Resource limited centres can deliver treatment for children with acute lymphoblastic leukaemia with risk-stratified minimal residual disease based UKALL 2003 protocol with no modification and a good outcome

Harsha Prasada Lashkari, Moideen Faheem, Basaviah Sridevi Hanaganahalli, Kamalakshi G. Bhat, Jayatheerth Joshi, Nutan Kamath, Shivali Ahlawat, B. Prashantha

Research output: Contribution to journalArticle

Abstract

Objectives: Acute Lymphoblastic Leukemia (ALL) is the most common malignancy in children. With improved supportive care and a better understanding of the disease biology, it is now a curable cancer in the developed world. However, in low-income countries, the cure rate remains relatively poor. We report our experience on the survival of children with ALL treated on the MRD-based risk-stratified UKALL 2003 protocol, from a center in South India. Methods: All consecutive children diagnosed with ALL between years 2013 and 2019 were included in this retrospective study. All received uniform treatment as per the UKALL 2003 protocol based on NCI risk and post-induction MRD status. All the details including the type of leukemia, NCI risk status, date of diagnosis, treatment start date, the regimen, MRD status, cytogenetics, molecular genetics, and complications were captured. Analysis was done using prism GraphPad version 8.0. Results: A total of 107 children were started on treatment during this period. The majority of them were boys (68/107). Fifty-nine of them were NCI standard risk (55%). B-ALL was the most common type (92%).Total of 56/107(52.3%) children received treatment under the government’s insurance scheme for low-income bracket. The post-induction MRD was performed in 95/107 children. It was >0.01% in 22% (21/95) of children. Five (4.7%) children relapsed so far with a mean follow up of 27 months from the diagnosis. There were 17 deaths (15.9%). The EFS at 3 years was 85% (95% CI 75% to 92%). Conclusion: It is feasible to deliver chemotherapy as per the UKALL2003 protocol without any modifications in resource-limited setting. The survival rates have significantly improved over the years in our center from 5 years EFS of 60% in 2010 and now to 3 year EFS of 85%. It is important to note that there was no treatment abandonment in our cohort.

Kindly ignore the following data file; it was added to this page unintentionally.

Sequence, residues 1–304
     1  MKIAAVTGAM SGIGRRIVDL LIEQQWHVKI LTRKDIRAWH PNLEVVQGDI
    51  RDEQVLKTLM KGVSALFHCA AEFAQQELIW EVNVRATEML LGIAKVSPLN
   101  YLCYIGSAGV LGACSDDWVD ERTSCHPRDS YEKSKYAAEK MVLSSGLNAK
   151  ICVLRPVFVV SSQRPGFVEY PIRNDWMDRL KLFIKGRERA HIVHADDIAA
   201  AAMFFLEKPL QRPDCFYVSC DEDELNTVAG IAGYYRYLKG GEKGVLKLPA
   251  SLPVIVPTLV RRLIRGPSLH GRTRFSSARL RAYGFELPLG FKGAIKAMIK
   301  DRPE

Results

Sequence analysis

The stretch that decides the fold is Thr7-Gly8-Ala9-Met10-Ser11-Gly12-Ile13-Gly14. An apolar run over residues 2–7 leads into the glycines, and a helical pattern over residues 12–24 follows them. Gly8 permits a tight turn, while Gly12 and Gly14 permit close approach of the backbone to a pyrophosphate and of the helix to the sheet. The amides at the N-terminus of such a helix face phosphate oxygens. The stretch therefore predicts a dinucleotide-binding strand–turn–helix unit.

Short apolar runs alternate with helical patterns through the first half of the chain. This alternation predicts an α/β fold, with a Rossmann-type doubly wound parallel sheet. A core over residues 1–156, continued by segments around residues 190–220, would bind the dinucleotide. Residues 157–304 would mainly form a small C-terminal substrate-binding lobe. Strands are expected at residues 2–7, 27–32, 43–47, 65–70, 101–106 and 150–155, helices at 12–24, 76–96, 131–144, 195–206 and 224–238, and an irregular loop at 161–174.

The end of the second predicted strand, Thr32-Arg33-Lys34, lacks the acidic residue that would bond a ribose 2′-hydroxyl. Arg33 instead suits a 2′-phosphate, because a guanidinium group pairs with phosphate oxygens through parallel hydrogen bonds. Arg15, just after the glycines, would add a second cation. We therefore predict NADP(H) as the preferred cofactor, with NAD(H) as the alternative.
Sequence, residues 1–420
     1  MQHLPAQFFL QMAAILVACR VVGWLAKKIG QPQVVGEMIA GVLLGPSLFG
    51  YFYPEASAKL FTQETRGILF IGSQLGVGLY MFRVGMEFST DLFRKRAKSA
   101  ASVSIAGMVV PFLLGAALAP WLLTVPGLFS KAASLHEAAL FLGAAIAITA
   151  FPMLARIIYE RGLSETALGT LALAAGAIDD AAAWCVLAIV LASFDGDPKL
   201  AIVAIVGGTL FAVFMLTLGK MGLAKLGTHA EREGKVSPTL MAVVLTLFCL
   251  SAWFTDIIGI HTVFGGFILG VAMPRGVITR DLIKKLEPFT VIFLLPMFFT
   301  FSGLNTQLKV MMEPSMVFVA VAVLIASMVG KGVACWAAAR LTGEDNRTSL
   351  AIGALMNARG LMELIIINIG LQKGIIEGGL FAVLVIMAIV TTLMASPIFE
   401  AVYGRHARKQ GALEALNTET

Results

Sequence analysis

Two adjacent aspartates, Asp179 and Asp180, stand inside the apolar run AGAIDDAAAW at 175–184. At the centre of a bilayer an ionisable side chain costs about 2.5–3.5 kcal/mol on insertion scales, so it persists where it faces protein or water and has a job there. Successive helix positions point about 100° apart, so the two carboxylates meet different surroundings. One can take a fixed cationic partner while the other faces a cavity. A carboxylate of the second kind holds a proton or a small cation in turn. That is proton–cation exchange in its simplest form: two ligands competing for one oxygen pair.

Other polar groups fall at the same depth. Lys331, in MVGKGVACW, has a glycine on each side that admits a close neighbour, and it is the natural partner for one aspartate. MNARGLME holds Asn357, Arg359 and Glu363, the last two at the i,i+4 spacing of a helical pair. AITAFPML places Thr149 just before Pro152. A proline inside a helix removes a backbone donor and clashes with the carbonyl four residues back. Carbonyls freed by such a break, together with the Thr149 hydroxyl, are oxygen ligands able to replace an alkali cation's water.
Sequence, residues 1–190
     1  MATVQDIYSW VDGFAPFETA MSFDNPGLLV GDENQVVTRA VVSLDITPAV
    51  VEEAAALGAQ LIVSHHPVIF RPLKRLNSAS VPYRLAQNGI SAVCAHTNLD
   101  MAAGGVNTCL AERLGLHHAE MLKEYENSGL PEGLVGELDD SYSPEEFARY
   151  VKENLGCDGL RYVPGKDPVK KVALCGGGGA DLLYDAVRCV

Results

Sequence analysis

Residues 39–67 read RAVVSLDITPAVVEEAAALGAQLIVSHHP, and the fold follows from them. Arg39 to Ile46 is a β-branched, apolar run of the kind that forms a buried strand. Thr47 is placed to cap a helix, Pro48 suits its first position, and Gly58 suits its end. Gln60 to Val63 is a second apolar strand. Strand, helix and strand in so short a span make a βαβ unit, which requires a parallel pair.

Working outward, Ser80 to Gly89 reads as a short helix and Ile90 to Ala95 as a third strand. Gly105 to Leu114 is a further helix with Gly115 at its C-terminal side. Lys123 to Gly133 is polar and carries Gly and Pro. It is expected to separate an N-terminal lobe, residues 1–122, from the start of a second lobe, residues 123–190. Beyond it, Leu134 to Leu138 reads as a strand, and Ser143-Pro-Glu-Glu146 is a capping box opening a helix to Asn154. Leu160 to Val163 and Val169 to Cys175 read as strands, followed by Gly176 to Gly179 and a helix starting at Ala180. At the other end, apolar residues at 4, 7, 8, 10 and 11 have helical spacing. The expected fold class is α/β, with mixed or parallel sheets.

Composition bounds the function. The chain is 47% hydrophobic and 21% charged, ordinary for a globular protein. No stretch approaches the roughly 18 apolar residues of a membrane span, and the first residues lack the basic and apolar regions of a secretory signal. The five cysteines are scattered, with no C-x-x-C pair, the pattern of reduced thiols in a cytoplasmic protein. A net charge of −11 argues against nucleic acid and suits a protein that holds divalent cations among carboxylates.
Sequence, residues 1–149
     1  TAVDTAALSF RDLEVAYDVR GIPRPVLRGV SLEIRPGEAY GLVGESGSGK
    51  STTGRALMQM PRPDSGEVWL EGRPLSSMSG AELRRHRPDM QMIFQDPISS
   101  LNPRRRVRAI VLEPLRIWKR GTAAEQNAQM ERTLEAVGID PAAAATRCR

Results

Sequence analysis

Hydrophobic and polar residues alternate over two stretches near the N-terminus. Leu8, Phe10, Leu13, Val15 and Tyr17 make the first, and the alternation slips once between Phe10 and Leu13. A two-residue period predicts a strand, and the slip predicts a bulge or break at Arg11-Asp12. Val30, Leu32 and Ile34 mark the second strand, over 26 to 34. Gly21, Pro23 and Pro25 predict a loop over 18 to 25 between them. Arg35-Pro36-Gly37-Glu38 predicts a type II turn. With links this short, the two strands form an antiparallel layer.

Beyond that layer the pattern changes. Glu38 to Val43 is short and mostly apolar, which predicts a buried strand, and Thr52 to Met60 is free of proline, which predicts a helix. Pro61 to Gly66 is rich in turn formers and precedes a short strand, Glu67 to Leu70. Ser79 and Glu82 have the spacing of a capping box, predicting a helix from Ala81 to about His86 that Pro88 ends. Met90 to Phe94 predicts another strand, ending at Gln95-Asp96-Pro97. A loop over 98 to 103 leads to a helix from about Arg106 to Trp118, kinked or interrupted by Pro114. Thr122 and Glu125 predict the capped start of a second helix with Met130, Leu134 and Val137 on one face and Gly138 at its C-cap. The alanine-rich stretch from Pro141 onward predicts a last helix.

Original languageEnglish
JournalExpert Review of Hematology
DOIs
Publication statusAccepted/In press - 2020

All Science Journal Classification (ASJC) codes

  • Hematology

Fingerprint Dive into the research topics of 'Resource limited centres can deliver treatment for children with acute lymphoblastic leukaemia with risk-stratified minimal residual disease based UKALL 2003 protocol with no modification and a good outcome'. Together they form a unique fingerprint.

  • Cite this